Over the span of three years, a perfect storm of a global pandemic, Russia’s war against Ukraine, and an ensuing energy crisis, as well as growing Sino-American tensions, have exposed the risks of such dependencies being weaponized by foes and friends alike. Germany’s heavy reliance on foreign demand for its products, and importing the fossil fuels to build them, has been exposed.
Now, while globalization has not gone into reverse, it is changing form, and not in Germany’s favor. China’s car exports are exploding, supplanting Germany as the second biggest exporter and threatening Japan’s spot at the top of the global auto market. Beijing is also upgrading its machinery sector. Ironically, Berlin has exacerbated the competitive threat that is now emerging with little regard for a level playing field with China. For years it let leading companies plough foreign direct investment (FDI) into China, enter joint ventures that were demanded by Beijing as the price of admission, and build factories to capture Chinese subsidies with local content requirements. This has fostered technology transfers that have raised the quality and competitive edge of Chinese cars and machines.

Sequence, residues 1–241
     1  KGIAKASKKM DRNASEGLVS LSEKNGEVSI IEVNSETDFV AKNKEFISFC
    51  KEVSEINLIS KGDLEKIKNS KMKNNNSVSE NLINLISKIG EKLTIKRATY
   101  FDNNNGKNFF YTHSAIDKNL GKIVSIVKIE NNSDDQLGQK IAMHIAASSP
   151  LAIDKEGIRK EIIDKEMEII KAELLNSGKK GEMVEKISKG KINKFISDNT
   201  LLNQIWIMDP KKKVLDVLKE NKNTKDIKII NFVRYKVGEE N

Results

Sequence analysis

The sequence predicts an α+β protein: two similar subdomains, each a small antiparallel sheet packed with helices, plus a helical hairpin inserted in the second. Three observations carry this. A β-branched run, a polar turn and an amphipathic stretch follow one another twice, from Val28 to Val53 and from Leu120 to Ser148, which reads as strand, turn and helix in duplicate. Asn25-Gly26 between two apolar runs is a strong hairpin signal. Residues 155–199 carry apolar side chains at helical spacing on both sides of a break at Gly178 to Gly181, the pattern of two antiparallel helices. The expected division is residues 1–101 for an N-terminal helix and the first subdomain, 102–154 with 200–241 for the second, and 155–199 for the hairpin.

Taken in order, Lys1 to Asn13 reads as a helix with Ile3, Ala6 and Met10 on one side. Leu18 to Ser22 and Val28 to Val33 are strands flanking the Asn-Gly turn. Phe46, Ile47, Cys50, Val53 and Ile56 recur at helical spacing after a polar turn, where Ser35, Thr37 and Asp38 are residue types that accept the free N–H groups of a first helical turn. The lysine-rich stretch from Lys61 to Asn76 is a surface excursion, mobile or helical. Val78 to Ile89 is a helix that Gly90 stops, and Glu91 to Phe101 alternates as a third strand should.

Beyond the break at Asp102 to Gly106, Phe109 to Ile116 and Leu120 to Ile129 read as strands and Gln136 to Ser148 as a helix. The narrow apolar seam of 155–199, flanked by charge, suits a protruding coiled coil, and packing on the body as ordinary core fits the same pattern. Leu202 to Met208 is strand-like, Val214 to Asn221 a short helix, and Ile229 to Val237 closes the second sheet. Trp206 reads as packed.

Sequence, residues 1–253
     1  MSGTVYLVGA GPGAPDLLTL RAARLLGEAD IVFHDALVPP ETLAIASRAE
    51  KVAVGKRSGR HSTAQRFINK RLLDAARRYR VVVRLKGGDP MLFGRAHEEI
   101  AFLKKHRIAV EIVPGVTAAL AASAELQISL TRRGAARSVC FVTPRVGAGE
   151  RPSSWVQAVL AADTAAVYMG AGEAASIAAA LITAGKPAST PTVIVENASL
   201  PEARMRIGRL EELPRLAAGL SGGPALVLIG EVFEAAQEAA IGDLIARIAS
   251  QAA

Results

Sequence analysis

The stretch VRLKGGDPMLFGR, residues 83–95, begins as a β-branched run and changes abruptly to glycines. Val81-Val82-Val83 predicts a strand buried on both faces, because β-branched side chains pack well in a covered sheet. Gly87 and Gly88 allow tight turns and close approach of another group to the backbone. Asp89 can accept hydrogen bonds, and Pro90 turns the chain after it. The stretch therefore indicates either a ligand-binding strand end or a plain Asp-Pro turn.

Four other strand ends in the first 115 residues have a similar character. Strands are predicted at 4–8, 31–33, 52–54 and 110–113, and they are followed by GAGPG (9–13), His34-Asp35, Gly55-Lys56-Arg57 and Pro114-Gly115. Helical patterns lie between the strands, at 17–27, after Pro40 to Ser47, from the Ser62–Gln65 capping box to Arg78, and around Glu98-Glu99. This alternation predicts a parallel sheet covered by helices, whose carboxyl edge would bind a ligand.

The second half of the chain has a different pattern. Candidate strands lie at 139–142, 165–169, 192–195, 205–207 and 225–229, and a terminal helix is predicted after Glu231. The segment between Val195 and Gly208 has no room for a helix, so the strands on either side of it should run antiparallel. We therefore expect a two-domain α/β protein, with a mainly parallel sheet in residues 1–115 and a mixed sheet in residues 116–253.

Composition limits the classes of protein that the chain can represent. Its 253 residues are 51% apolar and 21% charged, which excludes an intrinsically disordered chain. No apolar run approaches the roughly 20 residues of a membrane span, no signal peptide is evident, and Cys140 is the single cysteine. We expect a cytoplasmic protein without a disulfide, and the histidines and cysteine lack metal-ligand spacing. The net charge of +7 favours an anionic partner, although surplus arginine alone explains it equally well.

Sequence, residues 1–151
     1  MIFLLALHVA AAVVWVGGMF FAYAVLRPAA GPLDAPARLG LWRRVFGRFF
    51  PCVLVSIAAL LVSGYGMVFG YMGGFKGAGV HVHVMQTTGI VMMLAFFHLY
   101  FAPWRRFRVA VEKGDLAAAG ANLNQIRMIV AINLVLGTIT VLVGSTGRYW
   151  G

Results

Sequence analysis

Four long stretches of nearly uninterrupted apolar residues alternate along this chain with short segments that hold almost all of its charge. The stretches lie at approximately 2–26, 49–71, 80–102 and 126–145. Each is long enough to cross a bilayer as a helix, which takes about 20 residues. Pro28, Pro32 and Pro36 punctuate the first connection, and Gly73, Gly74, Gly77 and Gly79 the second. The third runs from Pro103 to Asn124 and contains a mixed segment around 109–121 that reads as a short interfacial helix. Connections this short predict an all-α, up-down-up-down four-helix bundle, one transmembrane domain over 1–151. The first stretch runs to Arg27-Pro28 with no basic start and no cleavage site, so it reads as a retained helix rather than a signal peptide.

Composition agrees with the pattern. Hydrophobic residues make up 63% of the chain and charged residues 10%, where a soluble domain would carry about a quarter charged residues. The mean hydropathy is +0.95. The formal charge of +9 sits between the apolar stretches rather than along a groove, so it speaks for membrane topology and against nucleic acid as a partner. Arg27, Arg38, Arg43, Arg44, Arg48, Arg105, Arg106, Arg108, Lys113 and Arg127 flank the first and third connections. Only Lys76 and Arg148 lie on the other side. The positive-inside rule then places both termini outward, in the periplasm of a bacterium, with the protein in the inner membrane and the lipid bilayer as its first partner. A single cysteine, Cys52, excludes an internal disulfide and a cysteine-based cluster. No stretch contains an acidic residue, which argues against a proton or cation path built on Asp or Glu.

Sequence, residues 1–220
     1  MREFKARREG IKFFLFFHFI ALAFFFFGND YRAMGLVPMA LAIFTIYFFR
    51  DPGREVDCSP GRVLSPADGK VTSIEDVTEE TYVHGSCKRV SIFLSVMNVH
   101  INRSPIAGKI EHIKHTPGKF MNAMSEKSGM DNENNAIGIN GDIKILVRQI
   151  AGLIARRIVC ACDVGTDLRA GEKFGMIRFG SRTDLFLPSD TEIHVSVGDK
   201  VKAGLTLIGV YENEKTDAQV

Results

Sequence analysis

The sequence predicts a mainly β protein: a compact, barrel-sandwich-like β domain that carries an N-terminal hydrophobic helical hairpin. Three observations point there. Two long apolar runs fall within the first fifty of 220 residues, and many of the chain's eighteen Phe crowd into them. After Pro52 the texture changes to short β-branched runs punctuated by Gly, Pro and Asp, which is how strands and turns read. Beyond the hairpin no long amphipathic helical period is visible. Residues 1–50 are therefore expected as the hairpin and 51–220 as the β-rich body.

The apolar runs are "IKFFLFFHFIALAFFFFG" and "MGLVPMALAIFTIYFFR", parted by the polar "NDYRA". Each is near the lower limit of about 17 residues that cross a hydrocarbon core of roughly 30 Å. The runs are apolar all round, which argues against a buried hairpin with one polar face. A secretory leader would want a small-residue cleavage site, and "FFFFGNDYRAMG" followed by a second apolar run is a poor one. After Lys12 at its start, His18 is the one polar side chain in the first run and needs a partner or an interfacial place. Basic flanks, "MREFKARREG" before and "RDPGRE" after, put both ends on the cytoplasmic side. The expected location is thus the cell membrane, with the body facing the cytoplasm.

Prompted by growing pressure from Washington, European Commission President Ursula von der Leyen is now leading a charge to “de-risk” from China, as laid out in the commission’s draft Economic Security Strategy released in June 2023. But it is not yet clear how Berlin will translate this into action. Chancellor Olaf Scholz has accepted that Berlin needs to diversify its supply chains. But the country’s import dependence on China is only marginally higher than most of the other G7 economies. Germany is, in fact, much more of an outlier in terms of its exposure to exports, which account for over 3 percent of GDP, and its large stock of investments in China.
The emerging EU de-risking agenda foresees screening outward investment for risks of technology theft, and clamping down on takeovers of technologically cutting-edge European companies funded by firms that benefit from foreign government subsidies. The German government has already capped government insurance for investments abroad that are at risk of expropriation at €3 billion per company per country. Such measures will help to limit future damage. But the trap has been sprung. Volkswagen’s sales growth in China has fallen flat, and Chinese-built cars are now rolling into global and European markets.
Lack of Public Investment
The absence of a coherent long-term economic plan is compounded by the lack of public investment or reforms during the 16 years of former Chancellor Angela Merkel’s tenure. Germany’s physical infrastructure has decayed after more than a decade of belt-tightening at the national, state, and local level. The railway network alone desperately needs a €45 billion investment injection to 2027. Net spending on higher education grew by less than 1 percent in inflation-adjusted terms between 2010 and 2018, compared to 6 percent in the Netherlands, 15 percent in the US, and a staggering 116 percent in Estonia.